Nishimura et al. [9] have recently proposed a method for multi-source NMT that is able to deal with the case of missing source data encountered in these corpora. The implementation is simple: missing source translations are replaced with a special symbol NULL as shown in Figure 1(a). This method allows us to use incomplete corpora both at training time and test time, and multi-source NMT with this method was shown to achieve higher translation accuracy. If the model is trained on corpora with a large number of NULL symbols on the source side, a large number of training examples will be different from test time, when we actually have multiple sources. Thus, these examples will presumably be less useful in training a model intended to do multi-source translation. In this paper, we propose an improved method for utilizing multi-source examples with missing data: using a pseudo-corpus whose missing translations are filled up with machine translation outputs using a trained multi-source NMT system as shown in Figure 1(b). Experimental results show that the proposed method is a more effective method to incorporate incomplete multilingual corpora, achieving improvements of up to about 2 BLEU over the previous method where each missing input sentence is replaced by NULL.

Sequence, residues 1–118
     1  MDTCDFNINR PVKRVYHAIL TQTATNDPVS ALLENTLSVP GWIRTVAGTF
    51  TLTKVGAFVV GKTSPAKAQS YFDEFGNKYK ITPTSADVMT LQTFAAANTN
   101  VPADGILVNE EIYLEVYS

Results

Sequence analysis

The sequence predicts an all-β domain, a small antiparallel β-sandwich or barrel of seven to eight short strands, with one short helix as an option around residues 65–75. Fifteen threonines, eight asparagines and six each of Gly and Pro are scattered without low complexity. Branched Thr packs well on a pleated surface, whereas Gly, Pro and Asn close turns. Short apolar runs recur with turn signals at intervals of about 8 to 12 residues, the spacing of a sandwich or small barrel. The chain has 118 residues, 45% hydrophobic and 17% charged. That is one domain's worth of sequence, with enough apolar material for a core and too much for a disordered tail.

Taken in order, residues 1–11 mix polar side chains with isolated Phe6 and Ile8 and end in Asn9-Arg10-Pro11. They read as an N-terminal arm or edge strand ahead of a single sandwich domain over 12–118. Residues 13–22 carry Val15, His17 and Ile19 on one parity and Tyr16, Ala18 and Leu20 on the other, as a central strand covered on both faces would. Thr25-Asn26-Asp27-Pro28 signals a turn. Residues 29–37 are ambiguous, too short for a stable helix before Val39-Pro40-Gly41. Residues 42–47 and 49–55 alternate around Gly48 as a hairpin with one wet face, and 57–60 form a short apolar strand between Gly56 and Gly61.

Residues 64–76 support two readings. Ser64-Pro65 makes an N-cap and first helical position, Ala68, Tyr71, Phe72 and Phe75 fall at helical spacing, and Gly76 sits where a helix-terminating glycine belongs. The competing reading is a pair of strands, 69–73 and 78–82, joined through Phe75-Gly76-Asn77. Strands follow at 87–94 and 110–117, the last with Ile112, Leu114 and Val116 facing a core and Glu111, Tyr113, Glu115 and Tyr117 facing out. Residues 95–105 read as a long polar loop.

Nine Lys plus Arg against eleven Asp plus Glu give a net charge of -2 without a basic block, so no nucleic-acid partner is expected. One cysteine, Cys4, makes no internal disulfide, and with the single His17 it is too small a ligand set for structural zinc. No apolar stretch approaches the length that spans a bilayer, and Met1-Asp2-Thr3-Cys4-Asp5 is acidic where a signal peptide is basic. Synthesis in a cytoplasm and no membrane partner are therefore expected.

2 Related Work

2.1 Multi-source NMT

There are two major approaches to multi-source NMT; multi-encoder NMT [10] and mixture of NMT Experts [11]. In this work, we focus on the multi-encoder NMT that showed better performance in most cases in Nishimura et al. [9].

Multi-encoder NMT [10] is similar to the standard attentional NMT framework [12] but uses multiple encoders corresponding to the source languages and a single decoder.

Suppose we have two LSTM-based encoders and their hidden and cell states at the end of the inputs are , and , , respectively. Multi-encoder NMT initializes its decoder hidden state and cell state using these encoder states as follows:

(1)
(2)

Attention is then defined over encoder states at each time step

and resulting context vectors

and are concatenated together with the corresponding decoder hidden state to calculate the final context vector .

(3)

Our multi-encoder NMT implementation is basically similar to the original one [10] but has a difference in its attention mechanism. We use global attention used in Nishimura et al. [9], while Zoph and Knight used local-p attention. The global attention allows the decoder to look at everywhere in the input, while the local-p attention forces to focus on a part of the input [13].

2.2 Data Augmentation for NMT